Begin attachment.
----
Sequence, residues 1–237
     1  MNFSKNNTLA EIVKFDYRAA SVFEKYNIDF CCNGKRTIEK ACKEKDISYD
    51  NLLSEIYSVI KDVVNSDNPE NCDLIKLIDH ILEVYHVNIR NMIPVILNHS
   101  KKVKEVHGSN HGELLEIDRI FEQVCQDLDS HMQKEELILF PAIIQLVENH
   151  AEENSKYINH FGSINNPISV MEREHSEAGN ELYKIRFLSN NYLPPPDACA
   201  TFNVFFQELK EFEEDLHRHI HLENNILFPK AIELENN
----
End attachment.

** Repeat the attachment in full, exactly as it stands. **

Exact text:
Sequence, residues 1–237
     1  MNFSKNNTLA EIVKFDYRAA SVFEKYNIDF CCNGKRTIEK ACKEKDISYD
    51  NLLSEIYSVI KDVVNSDNPE NCDLIKLIDH ILEVYHVNIR NMIPVILNHS
   101  KKVKEVHGSN HGELLEIDRI FEQVCQDLDS HMQKEELILF PAIIQLVENH
   151  AEENSKYINH FGSINNPISV MEREHSEAGN ELYKIRFLSN NYLPPPDACA
   201  TFNVFFQELK EFEEDLHRHI HLENNILFPK AIELENN